That’s a reckless love. And it’s the love Jesus has for you. In no way is He wasteful with His Word, rather He just so wants as many people to be there as possible when the day of the harvest comes. And what a day that will be…when He gathers us in, draws us close, and keeps us in His presence for all eternity.

So, who in your life needs to hear God’s Word right now? Who needs to hear of our God who loves us with a recklessness that knows no bounds, not even when it comes to dying on a cross?

My brothers and sisters in Christ, share God’s Word. Spread it recklessly. Don’t worry about what the soil is like. Leave the growing part to Him. After all, He is the reckless sower, the Savior, Jesus Christ. In His name. Amen.

The peace of God which surpasses all human understanding guard and keep your hearts and minds in Christ Jesus our Lord. Amen.

Have no fear. Do not fear. Fear not.

Sermon: “Have no fear. Do not fear. Fear not.”             

LSB Series A; Proper 7

The Third Sunday after Pentecost; June 21, 2020

Gospel Reading: Matthew 10:5a, 21-33

Grace, mercy, and peace be to you from God our Father and our Lord and Savior Jesus Christ. Amen. 

Have no fear. Do not fear. Fear not. Do you think that Jesus is trying to tell His disciples’ something? How about us? Do you think He might have a point that He is trying to get across? Do you think there might be a lesson that He wants us to learn?

Fear is gripping our world these days. Fear of the coronavirus. Fear of going out in public. Fear of dying alone. Fear of unemployment and underemployment. Fear of rioters and looters. Fear of change. Fear of loss. Fear of saying the wrong thing the wrong way in a world of racial divide. Fear is everywhere.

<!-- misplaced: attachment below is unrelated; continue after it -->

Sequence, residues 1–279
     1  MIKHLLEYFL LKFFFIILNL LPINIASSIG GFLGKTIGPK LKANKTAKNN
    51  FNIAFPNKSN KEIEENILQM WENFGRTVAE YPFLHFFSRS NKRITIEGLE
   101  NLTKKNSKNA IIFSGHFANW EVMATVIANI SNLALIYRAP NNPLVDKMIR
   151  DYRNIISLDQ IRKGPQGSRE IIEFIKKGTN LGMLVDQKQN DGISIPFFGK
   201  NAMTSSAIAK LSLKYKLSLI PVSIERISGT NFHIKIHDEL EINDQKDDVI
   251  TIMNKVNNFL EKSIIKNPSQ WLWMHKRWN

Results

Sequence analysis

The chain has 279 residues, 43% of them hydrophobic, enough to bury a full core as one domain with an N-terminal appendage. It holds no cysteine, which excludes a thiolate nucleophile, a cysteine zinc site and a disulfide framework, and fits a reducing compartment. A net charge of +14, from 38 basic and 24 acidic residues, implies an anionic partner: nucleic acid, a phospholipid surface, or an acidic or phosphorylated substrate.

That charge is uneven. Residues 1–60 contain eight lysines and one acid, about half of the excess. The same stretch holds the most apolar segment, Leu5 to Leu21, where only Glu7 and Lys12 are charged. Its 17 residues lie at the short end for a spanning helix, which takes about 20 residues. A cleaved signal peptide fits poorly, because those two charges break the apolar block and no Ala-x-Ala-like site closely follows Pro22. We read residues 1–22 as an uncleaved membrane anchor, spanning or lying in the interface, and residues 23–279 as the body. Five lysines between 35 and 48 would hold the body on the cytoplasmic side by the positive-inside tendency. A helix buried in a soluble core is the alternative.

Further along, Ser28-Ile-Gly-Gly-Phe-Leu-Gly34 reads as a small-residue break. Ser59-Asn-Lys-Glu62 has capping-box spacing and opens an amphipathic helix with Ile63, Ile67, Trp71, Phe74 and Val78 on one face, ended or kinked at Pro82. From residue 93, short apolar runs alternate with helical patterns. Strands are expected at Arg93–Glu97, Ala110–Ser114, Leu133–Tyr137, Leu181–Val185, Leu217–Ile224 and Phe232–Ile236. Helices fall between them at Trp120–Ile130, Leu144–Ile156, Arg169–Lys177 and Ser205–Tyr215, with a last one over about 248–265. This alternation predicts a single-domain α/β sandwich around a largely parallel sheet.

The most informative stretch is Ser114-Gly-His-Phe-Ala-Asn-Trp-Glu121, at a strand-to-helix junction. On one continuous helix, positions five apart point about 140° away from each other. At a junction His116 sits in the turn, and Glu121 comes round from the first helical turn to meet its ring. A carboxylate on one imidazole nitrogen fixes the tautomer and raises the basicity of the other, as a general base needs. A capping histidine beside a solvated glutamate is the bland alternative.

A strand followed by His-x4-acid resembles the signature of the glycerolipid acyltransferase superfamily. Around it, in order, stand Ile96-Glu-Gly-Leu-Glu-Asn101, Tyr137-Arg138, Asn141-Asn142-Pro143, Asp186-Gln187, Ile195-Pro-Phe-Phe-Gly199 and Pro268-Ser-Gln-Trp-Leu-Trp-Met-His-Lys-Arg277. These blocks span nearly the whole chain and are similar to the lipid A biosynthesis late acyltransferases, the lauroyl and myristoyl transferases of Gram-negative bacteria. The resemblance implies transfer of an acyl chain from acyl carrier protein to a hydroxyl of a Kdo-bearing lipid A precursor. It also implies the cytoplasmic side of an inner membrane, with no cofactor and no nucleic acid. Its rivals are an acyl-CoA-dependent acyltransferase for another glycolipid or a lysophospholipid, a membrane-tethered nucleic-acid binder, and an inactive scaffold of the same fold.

One of the most famous presidential quotes is about fear. Franklin D. Roosevelt, in his first inauguration speech as president in 1933 while this nation was in the grips of the Great Depression said: “The only thing we have to fear is fear itself.”

Fear is gripping. Fear is paralyzing. Fear is overwhelming. Fear is all-consuming. And Jesus tells us that we don’t need to be afraid while living in this world. The only fear that is necessary for us is to fear God.

Fear of God is a good thing. The First Commandment instructs us that “You shall have no other gods.” What does this mean? “We should fear, love, and trust in God above all things.”

What does it mean to fear God? The catechism tells us that “It means to take God seriously as our Creator and Judge. He means what He says when He threatens to punish those who disobey.”

Scripture tells us in Proverbs 8:13: “The fear of the Lord is hatred of evil.”

Scripture also tells us in Matthew 10:28, in our text for today: “And do not fear those who kill the body but cannot kill the soul. Rather fear Him who can destroy both soul and body in hell.”

A fear of God is good for us. When we fear God alone, all other fears fade away. Our focus is only on loving, honoring, and serving Him. And the service that He calls us to is to proclaim His good news “in the light and proclaim it from the housetops.” He’s given us the Gospel, and now He wants us to share what we have been given to share.

But instead of fearing God and sharing His good news, how many of us allow the fears of this world to run our lives? 

Have we allowed the fear of what others think about us to dictate our words and actions? Have we chosen to be silent in our faith for fear of how it might affect our livelihood, our reputation, and our relationships? Have we?

It’s certainly understandable in a world that is filled with fear these days, but it is not inexcusable. Just because there is fear in this world, doesn’t mean we abandon God’s calling for us to serve as His witnesses.